“At face value, students see the National Registry examination as their way into the career field – a test to apply what they’ve learned,” said Ruggiero. “But I know keeping their certification current will keep them relevant and they will continue to be prepared.”  

Burnout is real; be ready to combat it 
Both Countryman and Ruggiero acknowledge the challenges facing EMS as a profession and the difficulties individual clinicians encounter.  

“Police, fire, EMS, telecommunicators, military – we are at higher risk for mental health issues due to our relatively smaller number of personnel compared to the rest of society, so it is essential that we are aware of the signs and symptoms of burnout as well as the resources to prevent and resolve it,” said Ruggiero. “Self-care practices like having creative and physical outlets and non-EMS hobbies work well for me. Resiliency is key!” 

Countryman has witnessed firsthand the toll EMS careers can take, noting that burnout and mental health issues among clinicians can adversely affect patient care. 

“Burnout – that’s my biggest fear, and I think it is inevitable that most people in this job will face that at some point in their career,” Countryman said. “I don’t want to have happen to me what I’ve seen in others when they get angry or lazy and miss important information when treating patients.” Countryman maintains a healthy lifestyle and work-life balance to prevent burnout before it can affect her. 

Your education never stops 
Countryman may have joked about hitting the sync button, but she isn’t joking about learning.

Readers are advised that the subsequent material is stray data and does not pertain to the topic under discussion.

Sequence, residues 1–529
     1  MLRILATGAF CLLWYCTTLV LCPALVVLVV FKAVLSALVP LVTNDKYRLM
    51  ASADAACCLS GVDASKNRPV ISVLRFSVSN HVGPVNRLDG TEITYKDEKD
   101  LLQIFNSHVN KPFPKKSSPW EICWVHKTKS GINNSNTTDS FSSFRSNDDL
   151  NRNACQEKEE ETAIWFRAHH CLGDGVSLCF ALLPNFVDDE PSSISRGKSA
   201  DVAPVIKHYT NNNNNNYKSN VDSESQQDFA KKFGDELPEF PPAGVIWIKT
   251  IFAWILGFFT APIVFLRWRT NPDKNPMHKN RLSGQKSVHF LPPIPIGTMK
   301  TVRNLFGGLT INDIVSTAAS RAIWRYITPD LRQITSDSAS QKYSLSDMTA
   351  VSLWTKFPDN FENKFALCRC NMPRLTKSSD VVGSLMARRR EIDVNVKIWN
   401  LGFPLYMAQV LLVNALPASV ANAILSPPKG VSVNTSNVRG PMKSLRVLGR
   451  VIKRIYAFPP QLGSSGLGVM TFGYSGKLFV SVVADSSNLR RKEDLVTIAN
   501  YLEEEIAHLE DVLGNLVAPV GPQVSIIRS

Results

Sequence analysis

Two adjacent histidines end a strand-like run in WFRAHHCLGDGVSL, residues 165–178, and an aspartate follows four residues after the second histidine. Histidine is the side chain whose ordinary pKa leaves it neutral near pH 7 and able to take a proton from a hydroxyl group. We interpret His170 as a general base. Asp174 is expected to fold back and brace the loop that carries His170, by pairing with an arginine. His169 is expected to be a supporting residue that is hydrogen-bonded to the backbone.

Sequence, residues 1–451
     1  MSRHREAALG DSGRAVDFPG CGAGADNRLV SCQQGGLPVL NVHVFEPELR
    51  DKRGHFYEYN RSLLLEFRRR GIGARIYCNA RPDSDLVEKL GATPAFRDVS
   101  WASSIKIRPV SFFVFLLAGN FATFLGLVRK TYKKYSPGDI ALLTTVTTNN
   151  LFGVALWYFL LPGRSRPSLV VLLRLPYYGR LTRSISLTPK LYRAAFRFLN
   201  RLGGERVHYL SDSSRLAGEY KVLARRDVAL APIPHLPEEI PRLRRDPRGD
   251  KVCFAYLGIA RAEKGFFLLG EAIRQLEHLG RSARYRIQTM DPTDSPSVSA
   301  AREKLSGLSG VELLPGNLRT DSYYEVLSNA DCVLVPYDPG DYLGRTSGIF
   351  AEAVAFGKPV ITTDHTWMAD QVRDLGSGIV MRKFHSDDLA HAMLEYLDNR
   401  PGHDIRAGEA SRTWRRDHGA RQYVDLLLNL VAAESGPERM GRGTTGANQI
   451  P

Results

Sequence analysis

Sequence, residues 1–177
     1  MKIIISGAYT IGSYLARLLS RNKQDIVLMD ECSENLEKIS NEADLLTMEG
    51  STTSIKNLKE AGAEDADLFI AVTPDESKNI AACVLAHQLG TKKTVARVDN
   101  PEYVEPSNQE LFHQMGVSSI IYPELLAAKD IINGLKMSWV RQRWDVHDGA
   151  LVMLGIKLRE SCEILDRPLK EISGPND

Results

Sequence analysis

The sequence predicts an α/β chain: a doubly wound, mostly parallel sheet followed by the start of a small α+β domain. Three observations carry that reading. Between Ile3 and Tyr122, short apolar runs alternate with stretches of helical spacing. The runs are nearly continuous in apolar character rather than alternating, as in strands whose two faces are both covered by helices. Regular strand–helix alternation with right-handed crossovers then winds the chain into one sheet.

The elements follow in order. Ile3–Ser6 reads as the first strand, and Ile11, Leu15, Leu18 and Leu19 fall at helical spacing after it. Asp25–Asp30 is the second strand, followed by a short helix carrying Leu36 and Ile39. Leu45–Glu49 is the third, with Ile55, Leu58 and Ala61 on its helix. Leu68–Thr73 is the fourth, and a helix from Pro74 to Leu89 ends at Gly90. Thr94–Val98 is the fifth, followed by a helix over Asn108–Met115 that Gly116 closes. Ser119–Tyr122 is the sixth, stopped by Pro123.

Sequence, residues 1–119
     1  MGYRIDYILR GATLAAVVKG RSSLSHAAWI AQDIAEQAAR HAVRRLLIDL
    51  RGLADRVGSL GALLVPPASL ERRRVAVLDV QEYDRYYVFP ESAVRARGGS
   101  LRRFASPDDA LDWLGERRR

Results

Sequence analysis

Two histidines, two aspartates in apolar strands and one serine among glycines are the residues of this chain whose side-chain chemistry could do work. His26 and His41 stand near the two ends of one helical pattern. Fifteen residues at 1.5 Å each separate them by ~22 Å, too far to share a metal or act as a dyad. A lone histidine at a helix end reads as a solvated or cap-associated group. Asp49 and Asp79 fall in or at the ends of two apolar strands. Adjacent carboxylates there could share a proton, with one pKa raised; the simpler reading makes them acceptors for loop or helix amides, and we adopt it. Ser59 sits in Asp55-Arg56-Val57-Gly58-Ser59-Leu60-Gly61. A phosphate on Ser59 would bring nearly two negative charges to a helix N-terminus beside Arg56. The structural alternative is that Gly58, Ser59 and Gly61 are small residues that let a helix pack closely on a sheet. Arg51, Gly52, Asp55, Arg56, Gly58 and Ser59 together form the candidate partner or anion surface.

“Your education doesn’t stop after paramedic school ends,” Countryman said. “I get that the process feels like a chore to sit down and study, but you will realize there is so much more you will want to learn.” She encourages her fellow providers to attend conferences, training sessions, and meetings to discuss exciting and interesting calls.  

“Go the extra mile because it will make a difference in your patient care,” Countryman said.  
Ruggiero continues his education, too – in the field. “I want to remain relevant to my students,” he laughs. “So, I work part-time and pick up extra shifts when I can.” 

He has added motivation.  

“I enjoy running into former students ‘in the wild’. Seeing them excel and become great providers means so much to me.”  

Ruggiero offered one final piece of advice.  

“Do what is best for your patient and be able to articulate your clinical reasoning to the receiving physician,” he said. “That will carry you far in this career.”  

Read More Articles In The Critical Connection Series
James Avery - "An Unexpected Destiny - How One EMS Provider Discovered Sometimes Fate Has Other Plans"
Randy Brinckman - "From Special Forces to a special career"
Jessica Cervantez - "Be A Rock In The Moment People Are Falling Apart"
Savanna Coker - "Waves of change: A departure from the Baywatch narrative"
Claire Countryman & Chris Ruggiero - "The next chapter could save a life"
John Nemes - "The journey of an EMS chief"
Tom Perreault - "43 Years Down and a Lifetime to Go"
Justin Solobay - "A Night To Remember"
Meryah Wilson - "Calm and collected; an Ohio paramedic makes history with her city’s department"
Bill Wood -  "50 Consecutive Years Of National Registry Certification"

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Shane Cartmill